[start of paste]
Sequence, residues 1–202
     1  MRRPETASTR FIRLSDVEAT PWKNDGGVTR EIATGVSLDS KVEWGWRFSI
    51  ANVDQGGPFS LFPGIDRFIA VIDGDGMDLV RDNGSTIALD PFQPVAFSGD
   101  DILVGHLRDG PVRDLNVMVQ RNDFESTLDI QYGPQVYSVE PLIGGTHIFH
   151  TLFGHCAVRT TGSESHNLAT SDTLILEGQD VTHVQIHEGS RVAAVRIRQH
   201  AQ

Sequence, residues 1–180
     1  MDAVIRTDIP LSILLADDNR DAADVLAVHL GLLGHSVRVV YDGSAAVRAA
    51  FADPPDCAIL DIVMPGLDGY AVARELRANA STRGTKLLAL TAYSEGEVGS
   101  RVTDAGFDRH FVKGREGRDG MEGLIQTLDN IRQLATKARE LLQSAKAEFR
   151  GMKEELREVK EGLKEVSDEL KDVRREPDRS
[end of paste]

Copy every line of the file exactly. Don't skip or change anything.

Sequence, residues 1–202
     1  MRRPETASTR FIRLSDVEAT PWKNDGGVTR EIATGVSLDS KVEWGWRFSI
    51  ANVDQGGPFS LFPGIDRFIA VIDGDGMDLV RDNGSTIALD PFQPVAFSGD
   101  DILVGHLRDG PVRDLNVMVQ RNDFESTLDI QYGPQVYSVE PLIGGTHIFH
   151  TLFGHCAVRT TGSESHNLAT SDTLILEGQD VTHVQIHEGS RVAAVRIRQH
   201  AQ

Sequence, residues 1–180
     1  MDAVIRTDIP LSILLADDNR DAADVLAVHL GLLGHSVRVV YDGSAAVRAA
    51  FADPPDCAIL DIVMPGLDGY AVARELRANA STRGTKLLAL TAYSEGEVGS
   101  RVTDAGFDRH FVKGREGRDG MEGLIQTLDN IRQLATKARE LLQSAKAEFR
   151  GMKEELREVK EGLKEVSDEL KDVRREPDRS